It is nearly impossible to house a Betta with other fish of any sort. They are extremely territorial, especially toward members of their same species. However, they also tend to be quite aggressive toward other species. They are solitary fish and will attempt to chase most other fish away.
But since the fish are stuck in an aquarium, this usually ends up with the Betta fish terrorizing the other fish until one of them dies. For this reason, Betta fish are often recommended to be kept by themselves, especially the males.
However, Bettas are sometimes okay with tank mates that don’t look like other fish at all, like African Dwarf Frogs. This doesn’t always work out, though. Some Betta fish are simply going to attack anything that moves. Some are a bit more docile and will get along fine with fish that obviously aren’t other male Bettas.
In this article, we walk you through everything that you need to know about housing these two species together.
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How Do You Feed Bettas and African Dwarf Frogs?
The only time that things can get complicated with a Betta and African Dwarf Frog in the tank is during feeding time. African Dwarf Frogs tend to be aggressive when they are eating. If the Betta decides to go after their food, then the Frog may become aggressive and harm the Betta.
Betta fish also tend to be aggressive eaters. Therefore, they will often go after just about anything that seems to be food. This can lead to fights if you don’t start feeding time correctly.
To make things more difficult, African Dwarf Frogs usually eat slowly. They can go hungry if other fish are in the tank snagging their food. They need their own dedicated space to eat.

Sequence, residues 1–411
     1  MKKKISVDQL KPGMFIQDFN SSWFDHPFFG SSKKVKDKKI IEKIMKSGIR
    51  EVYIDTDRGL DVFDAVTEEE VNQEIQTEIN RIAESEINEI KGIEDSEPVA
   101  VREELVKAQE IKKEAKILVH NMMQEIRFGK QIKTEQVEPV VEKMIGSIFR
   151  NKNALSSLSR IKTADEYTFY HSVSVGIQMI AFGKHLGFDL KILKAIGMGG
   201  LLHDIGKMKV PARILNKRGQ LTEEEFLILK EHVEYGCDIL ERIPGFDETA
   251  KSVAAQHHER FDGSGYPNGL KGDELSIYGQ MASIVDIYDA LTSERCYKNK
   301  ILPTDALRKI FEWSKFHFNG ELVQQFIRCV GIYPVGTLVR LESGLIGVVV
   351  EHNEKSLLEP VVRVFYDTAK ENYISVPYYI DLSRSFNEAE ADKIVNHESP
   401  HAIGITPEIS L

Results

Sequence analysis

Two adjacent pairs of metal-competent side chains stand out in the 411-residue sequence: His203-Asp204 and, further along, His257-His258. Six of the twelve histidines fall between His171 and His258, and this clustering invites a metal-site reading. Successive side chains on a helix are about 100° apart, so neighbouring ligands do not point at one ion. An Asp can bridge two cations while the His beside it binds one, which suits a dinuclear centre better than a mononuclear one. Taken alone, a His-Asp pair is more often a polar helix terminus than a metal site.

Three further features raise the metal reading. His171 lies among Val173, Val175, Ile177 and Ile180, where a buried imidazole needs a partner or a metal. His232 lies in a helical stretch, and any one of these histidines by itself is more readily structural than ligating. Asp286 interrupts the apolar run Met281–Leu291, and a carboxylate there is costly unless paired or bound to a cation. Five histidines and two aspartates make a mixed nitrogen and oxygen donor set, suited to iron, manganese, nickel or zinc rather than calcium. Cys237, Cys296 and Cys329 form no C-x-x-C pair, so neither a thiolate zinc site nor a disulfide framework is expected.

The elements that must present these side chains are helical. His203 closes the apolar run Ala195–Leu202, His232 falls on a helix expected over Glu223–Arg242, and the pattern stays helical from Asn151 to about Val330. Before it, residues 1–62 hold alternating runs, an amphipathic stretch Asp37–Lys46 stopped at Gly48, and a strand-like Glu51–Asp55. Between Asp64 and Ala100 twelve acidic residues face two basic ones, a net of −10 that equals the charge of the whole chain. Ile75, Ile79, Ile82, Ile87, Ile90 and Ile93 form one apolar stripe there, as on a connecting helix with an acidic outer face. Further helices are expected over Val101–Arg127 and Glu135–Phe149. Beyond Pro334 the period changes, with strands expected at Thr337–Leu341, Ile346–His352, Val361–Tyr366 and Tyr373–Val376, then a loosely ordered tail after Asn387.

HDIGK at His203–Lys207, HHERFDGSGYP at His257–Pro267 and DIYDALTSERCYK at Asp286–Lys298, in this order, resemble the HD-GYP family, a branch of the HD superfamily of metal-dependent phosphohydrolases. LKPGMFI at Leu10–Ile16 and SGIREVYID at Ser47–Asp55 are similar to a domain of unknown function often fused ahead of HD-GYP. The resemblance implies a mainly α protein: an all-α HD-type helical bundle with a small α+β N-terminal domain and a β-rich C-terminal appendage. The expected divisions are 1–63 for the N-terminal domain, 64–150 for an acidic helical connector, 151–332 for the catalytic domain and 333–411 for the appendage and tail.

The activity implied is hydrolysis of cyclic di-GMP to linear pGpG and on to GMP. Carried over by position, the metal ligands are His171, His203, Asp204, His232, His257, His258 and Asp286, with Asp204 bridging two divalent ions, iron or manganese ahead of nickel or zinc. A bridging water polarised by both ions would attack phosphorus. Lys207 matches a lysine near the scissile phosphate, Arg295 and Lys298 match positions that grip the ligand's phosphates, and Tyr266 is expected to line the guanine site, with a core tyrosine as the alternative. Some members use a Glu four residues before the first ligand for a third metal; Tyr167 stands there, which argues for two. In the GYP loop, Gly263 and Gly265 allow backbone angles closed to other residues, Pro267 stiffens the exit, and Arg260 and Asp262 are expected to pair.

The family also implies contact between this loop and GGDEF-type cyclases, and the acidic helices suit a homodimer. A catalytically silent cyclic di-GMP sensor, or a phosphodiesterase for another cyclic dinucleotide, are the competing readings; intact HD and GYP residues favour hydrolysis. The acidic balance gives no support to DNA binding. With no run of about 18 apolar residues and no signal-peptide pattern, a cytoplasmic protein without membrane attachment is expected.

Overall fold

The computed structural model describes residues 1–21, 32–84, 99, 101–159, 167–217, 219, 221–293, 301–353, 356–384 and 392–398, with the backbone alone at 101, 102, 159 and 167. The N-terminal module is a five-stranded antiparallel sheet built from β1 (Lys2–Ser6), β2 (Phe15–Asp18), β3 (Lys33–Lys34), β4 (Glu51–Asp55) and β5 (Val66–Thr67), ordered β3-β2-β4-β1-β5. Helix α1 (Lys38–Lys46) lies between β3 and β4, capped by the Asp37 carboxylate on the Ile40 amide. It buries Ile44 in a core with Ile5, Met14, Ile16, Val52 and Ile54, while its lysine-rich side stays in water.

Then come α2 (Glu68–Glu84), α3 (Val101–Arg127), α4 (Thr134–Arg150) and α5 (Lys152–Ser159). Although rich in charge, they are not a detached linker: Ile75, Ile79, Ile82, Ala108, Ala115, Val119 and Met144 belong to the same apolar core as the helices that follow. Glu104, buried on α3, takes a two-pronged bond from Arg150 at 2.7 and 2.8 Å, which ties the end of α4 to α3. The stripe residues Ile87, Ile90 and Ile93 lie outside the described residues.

Luckily, there is an easy solution. Betta fish often like to stay near the top of the tank and eat floating pellets. African Dwarf Frogs prefer sinking pellets. Therefore, if you start feeding them on different sides of the tank and feed them different pellets, they may stay out of each other’s way long enough for everyone to finish eating.
This is far from a guarantee, though. Sometimes, the Betta will see the Frog eating and decide to swim over and steal some of that food. This is especially true when the Betta gets done eating much sooner than the Frog (which they likely will).
An alternative and better solution is to catch the Betta in some sort of floating container. The little plastic containers that they often come in at pet stores can usually do the trick. You can feed the Betta while they remain trapped in this container at the surface and feed the Frog at the same time. Since the Betta cannot leave the container, the Frog will be able to eat their fill.
Betta Fish and African Dwarf Frog Tank Parameters
When you’re housing two different species in a tank, it is extra important that the water parameters are suited to both species. Sometimes, this means walking a fine line. Luckily, it is quite easy to keep both the Betta and Frog happy in the tank.
Both the Frog and the Betta will need a tank temperature of around 75-80 degrees Fahrenheit. You will need a heater to accomplish this in most cases, unless your home just tends to stay warm. Some fish keepers in tropical places do not need a heater, but everyone else probably will.
Both of these creatures also prefer shallow tanks. The Betta and Frog will spend their time underwater, but they both require fresh air for oxygen. The African Dwarf Frog will swim up to the top regularly to get fresh air, while the Betta will spend most of their time swimming at the top of the tank. They prefer to lay on the leaves of tall plants while sleeping to stay close to the surface.